When you closed on your home mortgage, you may have felt an unmistakable thrill as those house keys finally landed in your hand.
However, you may also have felt a bit anxious about the “paying off the mortgage” part of your new housing adventure. If you have a mortgage, you’re not alone: Right now, most Americans who own a home still have a mortgage (and many are probably anxious about those payments as well). Only about 1 in 3 U.S. homeowners never had a mortgage or have paid it off. 1
A mortgage may be the biggest debt you ever take on. After all, you could be making monthly mortgage payments for up to 30 years. And over that time, you might end up wishing you had extra money for anything from fixing your car’s transmission (oh, no!) to a great business opportunity (heck, yes!).
So if you have some extra money, what’s the best thing to do with it? Should you try to pay off your mortgage early and get rid of that debt? Or are you better off continuing to pay your mortgage and putting any extra cash in savings?
The decision isn’t a slam-dunk. The best option really depends on your financial situation and your money goals. It’s one of the most hotly contested debates of the financial world: Should you pay off your mortgage early or save your extra cash?
If you’re asking this question, that’s a sign that you’re in a great financial position. It means you have some money left over each month after paying bills, and that’s no easy feat.
The decision to either prepay your mortgage or build up your savings isn’t easy either. However, the good news is that both options make financial sense. The best choice depends on your financial situation and your money goals.
Here are a few questions to ask as you choose between paying off a mortgage early or piling up extra savings.
Before considering the mortgage vs. savings question, review other financial goals:
Have you saved an emergency fund of 3 to 6 months’ worth of critical expenses?
Are you debt-free? Other debts you may have include student loans, car loans, medical payments and credit card balances.
Are you putting 10-15%2 of your income toward retirement?
If you answered “no” to any of these questions, consider taking care of those priorities first. But if you’re in good shape on all of the above, then get out your pro/con list: It’s time to compare paying off your mortgage early or putting extra money in savings.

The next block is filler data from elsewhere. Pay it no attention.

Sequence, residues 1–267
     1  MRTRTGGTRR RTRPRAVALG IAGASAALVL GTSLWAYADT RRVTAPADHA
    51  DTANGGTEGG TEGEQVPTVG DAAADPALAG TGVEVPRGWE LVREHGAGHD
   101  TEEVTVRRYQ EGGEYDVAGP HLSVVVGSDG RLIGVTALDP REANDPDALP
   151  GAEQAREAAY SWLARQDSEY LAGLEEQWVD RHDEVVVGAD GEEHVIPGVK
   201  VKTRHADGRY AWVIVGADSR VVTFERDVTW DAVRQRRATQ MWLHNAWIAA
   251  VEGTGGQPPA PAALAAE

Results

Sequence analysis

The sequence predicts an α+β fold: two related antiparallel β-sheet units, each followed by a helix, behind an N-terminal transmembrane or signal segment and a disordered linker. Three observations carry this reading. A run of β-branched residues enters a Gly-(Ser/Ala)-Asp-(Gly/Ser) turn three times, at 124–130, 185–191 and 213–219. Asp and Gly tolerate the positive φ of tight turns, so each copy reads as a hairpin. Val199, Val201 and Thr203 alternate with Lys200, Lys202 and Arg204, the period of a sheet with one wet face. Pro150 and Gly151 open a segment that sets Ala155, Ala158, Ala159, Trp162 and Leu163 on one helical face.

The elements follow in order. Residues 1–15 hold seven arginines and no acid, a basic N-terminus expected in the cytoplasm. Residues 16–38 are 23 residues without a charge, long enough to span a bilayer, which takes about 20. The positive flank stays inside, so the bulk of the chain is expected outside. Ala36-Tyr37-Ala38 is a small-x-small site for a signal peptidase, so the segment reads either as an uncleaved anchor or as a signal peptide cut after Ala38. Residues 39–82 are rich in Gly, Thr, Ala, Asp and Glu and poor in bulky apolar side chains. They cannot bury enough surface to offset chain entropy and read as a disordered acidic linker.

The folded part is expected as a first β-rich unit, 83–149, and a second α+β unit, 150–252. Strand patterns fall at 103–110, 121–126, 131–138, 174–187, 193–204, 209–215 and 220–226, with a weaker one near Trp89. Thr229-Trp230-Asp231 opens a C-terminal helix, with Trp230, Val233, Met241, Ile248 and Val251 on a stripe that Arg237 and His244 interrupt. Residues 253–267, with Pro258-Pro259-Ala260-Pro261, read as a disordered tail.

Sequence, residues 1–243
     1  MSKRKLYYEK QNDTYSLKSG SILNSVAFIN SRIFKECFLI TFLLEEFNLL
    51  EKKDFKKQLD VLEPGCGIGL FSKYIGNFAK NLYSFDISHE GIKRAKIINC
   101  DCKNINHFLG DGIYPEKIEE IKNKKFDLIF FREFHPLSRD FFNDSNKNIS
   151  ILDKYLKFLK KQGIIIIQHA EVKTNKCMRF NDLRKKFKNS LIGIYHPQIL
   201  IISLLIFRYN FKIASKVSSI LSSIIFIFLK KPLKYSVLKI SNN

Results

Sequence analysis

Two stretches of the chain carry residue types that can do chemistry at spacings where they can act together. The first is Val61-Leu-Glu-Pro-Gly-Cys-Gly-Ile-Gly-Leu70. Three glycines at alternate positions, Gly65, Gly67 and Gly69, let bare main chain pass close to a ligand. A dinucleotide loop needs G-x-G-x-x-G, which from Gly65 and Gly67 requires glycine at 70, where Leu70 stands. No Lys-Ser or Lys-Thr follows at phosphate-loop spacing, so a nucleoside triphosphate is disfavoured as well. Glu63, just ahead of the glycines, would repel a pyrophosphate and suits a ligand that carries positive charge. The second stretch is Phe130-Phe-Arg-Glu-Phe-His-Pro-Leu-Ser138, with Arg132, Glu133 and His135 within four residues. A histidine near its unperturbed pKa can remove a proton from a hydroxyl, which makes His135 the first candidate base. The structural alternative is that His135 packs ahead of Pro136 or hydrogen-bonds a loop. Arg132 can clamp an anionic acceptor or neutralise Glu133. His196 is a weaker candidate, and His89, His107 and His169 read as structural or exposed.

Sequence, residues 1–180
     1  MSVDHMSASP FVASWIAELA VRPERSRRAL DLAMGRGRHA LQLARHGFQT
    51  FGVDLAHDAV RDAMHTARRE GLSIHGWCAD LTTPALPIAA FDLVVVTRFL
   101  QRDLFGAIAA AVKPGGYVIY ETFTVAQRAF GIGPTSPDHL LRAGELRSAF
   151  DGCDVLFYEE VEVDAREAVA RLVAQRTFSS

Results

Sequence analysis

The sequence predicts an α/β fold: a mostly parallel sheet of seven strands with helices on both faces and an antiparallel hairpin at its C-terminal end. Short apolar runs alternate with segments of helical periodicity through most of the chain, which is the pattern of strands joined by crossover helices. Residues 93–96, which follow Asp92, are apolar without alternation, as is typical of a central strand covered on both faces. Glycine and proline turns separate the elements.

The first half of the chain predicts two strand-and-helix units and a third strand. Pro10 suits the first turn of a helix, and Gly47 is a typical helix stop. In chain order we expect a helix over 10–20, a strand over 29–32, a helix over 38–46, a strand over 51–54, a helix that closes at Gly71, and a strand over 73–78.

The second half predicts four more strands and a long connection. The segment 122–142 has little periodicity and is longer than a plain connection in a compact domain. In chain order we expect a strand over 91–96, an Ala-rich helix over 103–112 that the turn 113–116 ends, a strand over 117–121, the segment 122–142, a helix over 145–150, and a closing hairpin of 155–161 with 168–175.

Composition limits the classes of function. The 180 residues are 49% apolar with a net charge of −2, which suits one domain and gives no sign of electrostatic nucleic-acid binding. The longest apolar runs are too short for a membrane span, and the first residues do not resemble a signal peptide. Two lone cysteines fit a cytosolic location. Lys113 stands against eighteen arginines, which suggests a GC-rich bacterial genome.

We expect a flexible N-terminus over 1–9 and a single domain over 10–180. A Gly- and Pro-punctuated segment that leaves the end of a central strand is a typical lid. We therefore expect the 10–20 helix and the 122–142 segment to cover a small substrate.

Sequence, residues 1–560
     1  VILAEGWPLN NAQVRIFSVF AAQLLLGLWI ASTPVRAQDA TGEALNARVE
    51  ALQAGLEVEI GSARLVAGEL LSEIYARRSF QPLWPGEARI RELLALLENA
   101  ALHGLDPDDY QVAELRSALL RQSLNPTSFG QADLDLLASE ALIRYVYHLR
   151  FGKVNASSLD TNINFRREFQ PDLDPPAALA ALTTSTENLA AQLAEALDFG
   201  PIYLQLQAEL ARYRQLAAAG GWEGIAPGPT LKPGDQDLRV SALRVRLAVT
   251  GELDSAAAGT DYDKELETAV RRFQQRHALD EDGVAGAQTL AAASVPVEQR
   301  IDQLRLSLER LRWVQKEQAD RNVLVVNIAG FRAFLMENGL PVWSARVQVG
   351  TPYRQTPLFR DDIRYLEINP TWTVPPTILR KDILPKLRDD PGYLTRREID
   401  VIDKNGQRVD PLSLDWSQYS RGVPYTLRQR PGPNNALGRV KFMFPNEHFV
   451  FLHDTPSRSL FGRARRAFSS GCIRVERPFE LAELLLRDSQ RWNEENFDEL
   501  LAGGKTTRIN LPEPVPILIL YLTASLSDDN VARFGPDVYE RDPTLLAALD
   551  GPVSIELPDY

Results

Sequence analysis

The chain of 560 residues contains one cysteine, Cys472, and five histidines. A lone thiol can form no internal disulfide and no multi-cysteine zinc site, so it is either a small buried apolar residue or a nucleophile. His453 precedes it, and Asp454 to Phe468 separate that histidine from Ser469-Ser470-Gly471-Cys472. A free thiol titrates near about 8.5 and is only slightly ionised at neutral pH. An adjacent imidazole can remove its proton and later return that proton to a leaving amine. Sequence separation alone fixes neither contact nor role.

If you’re looking for reasons to justify getting rid of your monthly mortgage, here are a few:
You pay less in mortgage interest: Once you’ve paid off your mortgage, you also stop paying the interest on it (the extra cost for taking out a loan). On a $200,000 house, you could possibly save more than $15,000 in interest charges.
Here’s how the math works: If you buy that house at 4% interest (after a 10% down payment) you have monthly payments of $860. By adding a little more to each mortgage payment—perhaps an extra 1/12th of a month’s principal and interest ($86)—your total monthly payment is now $945. With that one change of $86/month, you’ll pay off your 30-year mortgage 3 years and 7 months early, saving a hefty $15,357 in interest charges.
You free up money for other expenses: Once you no longer have a monthly mortgage payment, you can pop that money into a savings account. You might later use it to pay for things like kids’ college tuition, a second home or retirement. You won’t be entirely free of house payments, however: You’ll continue paying homeowners insurance and property taxes.
It increases your financial security: Having a paid-off house can help lower your financial stress level. Why? If you hit a financial rough patch, you may face less chance of losing your home if it’s already paid off (or close to it).